Flexible Graphite Use in Electric Vehicles
Over the last fifteen years, most of the common consumer electronic devices have gradually become thinner and lighter. Large screen TV’s, cell phones, laptops, and tablets have all had reductions in size and weight, even though the devices themselves are becoming more powerful. One of the main reasons for this has been the switch to flexible graphite heat spreaders. Now, this same graphite heat spreading technology is being applied to the batteries used to power the next generation of Electric Vehicles (EV’s).
EV designers have several goals that involve the battery. These include the longest possible driving range per battery charge, the ability to charge the battery in the fastest time possible, the longest possible battery lifetime, and having a battery that is as safe as possible. All these goals involve managing the heat given off by the battery. Like most high-power electronic devices, the batteries used in Electric Vehicles generate a lot of heat. This is a result of the chemical reactions involved with both charging and discharging. This heat must be removed as fast as it is generated or else the individual chemical-cells that make up the battery pack will quickly start to wear out.
To spread this heat and cool the battery, the EV companies have relied on using massive quantities of aluminum. (This metal is commonly used for spreading heat in low-end electronic devices and was the basis for the heavy plasma TV’s of the early-2000’s and the thick cell phones and laptops of the early-2010’s.)
The main problem with using aluminum to manage heat is that it has the unfortunate combination of being a relatively poor thermal conductor, while at the same time it is relatively dense. This means that EV batteries that are cooled with aluminum need thick plates of the metal to work properly. This results in batteries that are unacceptably large and heavy to be practical for use in an EV.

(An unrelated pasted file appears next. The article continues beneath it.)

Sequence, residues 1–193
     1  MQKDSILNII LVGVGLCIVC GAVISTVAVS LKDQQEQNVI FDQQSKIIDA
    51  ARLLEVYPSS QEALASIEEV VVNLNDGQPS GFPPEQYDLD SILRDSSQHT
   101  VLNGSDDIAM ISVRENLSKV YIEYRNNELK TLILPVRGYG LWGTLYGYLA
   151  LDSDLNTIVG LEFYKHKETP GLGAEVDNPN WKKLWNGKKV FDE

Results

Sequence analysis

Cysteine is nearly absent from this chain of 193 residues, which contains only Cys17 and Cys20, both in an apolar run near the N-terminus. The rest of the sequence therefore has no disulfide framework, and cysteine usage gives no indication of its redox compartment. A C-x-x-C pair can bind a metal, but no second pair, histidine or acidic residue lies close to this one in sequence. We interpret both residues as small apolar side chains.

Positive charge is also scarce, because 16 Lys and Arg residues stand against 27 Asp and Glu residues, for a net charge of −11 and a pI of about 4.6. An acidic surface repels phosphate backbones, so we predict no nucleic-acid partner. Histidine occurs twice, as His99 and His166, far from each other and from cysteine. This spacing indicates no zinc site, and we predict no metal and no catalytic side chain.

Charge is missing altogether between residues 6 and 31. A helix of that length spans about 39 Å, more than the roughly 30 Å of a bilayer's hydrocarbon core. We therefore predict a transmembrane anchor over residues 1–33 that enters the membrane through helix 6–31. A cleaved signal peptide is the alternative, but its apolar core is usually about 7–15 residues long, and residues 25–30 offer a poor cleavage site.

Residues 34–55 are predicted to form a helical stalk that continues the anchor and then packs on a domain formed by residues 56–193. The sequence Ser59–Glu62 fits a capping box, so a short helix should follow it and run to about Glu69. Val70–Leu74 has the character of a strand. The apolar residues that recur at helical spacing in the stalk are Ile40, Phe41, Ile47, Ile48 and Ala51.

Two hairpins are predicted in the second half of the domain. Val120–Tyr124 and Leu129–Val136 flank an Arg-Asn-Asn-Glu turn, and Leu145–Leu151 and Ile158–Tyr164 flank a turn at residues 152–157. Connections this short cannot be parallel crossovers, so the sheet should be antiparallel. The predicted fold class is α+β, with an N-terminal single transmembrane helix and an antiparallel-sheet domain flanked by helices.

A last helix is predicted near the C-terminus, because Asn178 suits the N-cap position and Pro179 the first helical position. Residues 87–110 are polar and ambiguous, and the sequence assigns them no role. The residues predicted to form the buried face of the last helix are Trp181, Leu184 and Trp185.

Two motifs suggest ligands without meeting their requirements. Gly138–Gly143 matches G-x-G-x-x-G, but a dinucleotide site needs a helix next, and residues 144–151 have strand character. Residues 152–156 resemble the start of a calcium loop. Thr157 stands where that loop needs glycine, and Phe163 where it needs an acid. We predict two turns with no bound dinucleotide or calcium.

To have an aluminum cooled battery that is small and light enough to fit in an EV, some of the desired features must be sacrificed. The battery designers will typically remove some of the aluminum that is needed for the battery to function properly. This will result in an EV that cannot be consistently fast charged, or has a poor battery lifetime, or is not as safe as it could be. Typically, a compromise is reached between the battery manufacturer and the EV company to try to balance out these negative factors.
To construct a battery that is small enough and lightweight enough to work in an EV, while at the same time meeting all the desired design goals, something must change. Replacing the aluminum used for battery cooling with flexible graphite heat spreaders is such an answer. For the same amount of heat spreading as aluminum, graphite is half the thickness and only a third of the weight.
The amount of energy in a given weight or volume of the battery increases dramatically by removing the thick and heavy aluminum and replacing it with thin and lightweight flexible graphite. For a typical EV battery pack, switching from aluminum to graphite results in a weight savings of around twenty kilograms (forty-four pounds). The size of the battery pack can be reduced by several centimeters in both the length and the width.
For the last decade, graphite has been widely used in high-performance cell phones, laptops, TV displays, and tablets. Many automotive companies and their Tier-1 suppliers are currently investigating how graphite will be used in their next generation of EV’s. Don’t be surprised if the next Electric Vehicle you buy has a battery that is cooled with NeoGraf Solutions flexible graphite.
B. A. TRIMMER